Non Anglo-American Model - East Asian
"In East Asian countries, family-owned companies dominate." Not entirely correct a few are state dominated. So I've changed it to "In many East Asian countries, family-owned companies dominate."
As a consequence, I've also added "The State also has a significant input in corporate governance in a number of East Asian economies. In some economies it dominates corporate governance completely. Aside from Vietnam and other socialist states that most likely have higher state control levels, China has a high level of state dominance with over with 80% of listed firms with state control. Singapore also has a relatively high level of about 50% and Malaysia also has relatively high levels. Accordingly, some renowned countries in East Asia have a relatively high degree of state ownership and control"
A lot more could be said, but a separate section might be the best way to go.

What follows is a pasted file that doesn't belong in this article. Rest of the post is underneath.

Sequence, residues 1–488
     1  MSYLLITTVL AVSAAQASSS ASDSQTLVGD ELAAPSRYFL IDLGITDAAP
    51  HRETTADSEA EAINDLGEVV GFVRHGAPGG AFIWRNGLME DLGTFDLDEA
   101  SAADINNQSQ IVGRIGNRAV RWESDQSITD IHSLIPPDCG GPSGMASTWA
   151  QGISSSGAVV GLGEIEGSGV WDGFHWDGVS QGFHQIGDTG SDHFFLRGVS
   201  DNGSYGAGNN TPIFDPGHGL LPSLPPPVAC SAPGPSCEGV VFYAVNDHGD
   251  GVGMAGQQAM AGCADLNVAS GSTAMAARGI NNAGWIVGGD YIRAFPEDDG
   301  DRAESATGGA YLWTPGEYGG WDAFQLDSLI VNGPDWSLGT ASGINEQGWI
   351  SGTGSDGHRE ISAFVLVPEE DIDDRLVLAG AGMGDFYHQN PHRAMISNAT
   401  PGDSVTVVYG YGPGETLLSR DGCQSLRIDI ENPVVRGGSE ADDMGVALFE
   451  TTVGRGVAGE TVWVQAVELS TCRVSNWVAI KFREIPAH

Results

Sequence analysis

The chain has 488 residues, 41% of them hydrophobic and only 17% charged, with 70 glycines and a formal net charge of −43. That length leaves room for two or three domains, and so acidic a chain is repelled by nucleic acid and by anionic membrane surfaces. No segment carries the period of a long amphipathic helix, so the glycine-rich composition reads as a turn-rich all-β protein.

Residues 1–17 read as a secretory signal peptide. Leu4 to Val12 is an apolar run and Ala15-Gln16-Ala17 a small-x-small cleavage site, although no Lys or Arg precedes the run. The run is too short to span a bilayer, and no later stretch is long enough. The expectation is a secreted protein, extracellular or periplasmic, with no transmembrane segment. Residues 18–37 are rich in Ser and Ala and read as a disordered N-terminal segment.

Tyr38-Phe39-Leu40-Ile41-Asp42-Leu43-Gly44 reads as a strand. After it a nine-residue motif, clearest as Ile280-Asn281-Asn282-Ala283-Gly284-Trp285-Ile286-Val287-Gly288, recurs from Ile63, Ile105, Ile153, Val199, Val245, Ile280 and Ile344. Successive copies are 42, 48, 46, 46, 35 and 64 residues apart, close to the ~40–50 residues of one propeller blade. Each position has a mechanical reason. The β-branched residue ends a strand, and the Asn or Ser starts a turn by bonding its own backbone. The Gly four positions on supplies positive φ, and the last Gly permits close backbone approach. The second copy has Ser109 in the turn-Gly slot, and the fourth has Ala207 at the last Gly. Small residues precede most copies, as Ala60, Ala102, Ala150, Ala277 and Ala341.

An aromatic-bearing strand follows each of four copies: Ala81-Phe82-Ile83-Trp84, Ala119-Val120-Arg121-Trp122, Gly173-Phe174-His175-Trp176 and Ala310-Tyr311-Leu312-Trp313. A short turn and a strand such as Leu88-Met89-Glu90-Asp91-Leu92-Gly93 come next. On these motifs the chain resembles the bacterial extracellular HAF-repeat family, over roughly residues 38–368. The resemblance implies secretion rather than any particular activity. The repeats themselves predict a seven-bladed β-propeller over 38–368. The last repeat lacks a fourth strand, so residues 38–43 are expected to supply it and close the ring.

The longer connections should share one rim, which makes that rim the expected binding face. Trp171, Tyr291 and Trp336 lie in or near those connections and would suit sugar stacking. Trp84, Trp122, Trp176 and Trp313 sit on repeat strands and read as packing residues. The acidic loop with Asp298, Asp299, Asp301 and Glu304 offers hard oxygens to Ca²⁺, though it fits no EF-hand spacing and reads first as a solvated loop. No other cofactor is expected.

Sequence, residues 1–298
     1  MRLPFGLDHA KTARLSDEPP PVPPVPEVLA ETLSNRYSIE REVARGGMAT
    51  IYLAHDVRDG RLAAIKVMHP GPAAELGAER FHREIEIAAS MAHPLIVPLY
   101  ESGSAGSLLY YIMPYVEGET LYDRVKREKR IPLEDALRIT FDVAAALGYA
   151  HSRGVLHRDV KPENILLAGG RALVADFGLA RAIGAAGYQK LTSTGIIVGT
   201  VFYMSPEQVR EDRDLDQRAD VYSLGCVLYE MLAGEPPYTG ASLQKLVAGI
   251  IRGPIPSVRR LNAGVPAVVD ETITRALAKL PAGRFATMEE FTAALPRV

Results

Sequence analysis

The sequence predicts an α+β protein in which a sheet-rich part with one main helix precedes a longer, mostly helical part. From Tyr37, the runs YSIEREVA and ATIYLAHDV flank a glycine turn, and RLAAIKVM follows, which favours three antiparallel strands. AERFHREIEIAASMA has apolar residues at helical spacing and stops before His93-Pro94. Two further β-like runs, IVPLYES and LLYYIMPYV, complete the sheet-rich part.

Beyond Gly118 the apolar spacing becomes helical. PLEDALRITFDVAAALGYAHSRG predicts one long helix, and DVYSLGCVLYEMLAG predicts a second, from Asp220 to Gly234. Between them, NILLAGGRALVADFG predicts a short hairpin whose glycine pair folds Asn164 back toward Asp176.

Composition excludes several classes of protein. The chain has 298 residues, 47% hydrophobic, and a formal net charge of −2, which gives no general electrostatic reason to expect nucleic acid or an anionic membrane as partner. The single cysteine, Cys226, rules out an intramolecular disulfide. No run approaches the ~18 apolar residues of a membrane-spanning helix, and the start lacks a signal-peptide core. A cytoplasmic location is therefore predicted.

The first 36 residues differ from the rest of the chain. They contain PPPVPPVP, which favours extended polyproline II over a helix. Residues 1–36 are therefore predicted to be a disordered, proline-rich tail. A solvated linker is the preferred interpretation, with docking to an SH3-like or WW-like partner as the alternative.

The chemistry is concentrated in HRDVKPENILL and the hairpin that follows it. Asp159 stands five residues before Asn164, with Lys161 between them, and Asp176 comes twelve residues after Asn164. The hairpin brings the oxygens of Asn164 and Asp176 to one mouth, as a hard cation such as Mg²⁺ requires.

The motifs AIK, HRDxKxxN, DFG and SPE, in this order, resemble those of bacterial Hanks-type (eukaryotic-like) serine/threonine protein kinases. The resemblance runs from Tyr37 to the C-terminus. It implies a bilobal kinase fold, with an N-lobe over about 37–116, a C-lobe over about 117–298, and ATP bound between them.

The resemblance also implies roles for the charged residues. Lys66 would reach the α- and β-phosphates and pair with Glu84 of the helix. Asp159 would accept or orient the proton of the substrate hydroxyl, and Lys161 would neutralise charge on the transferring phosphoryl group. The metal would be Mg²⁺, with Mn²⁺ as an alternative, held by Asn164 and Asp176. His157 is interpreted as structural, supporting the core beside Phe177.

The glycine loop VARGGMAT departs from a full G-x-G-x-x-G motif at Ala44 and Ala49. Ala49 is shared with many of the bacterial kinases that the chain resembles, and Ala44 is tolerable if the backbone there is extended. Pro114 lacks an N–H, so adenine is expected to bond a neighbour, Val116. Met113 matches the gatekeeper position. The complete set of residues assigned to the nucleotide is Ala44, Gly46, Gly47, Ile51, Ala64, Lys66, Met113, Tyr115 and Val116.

Comments are welcome. Mark
- A section on the model applied in other East Asian countries. For example, Japan's main-bank, Keiretsu model and the chaebol model of corporate governance adopted in the South Korean economy. Mark ok7 (talk) 01:39, 8 January 2009 (UTC)by Mizen
Non Anglo-American Model - Corporate governance in Europe
The Corporate governance model applied in much of Europe needs to be expanded and discussed under its own heading. For example, the German two tiered, stakeholder, strong bank model. Also other European models.
I have a bit on this, but not the time at present.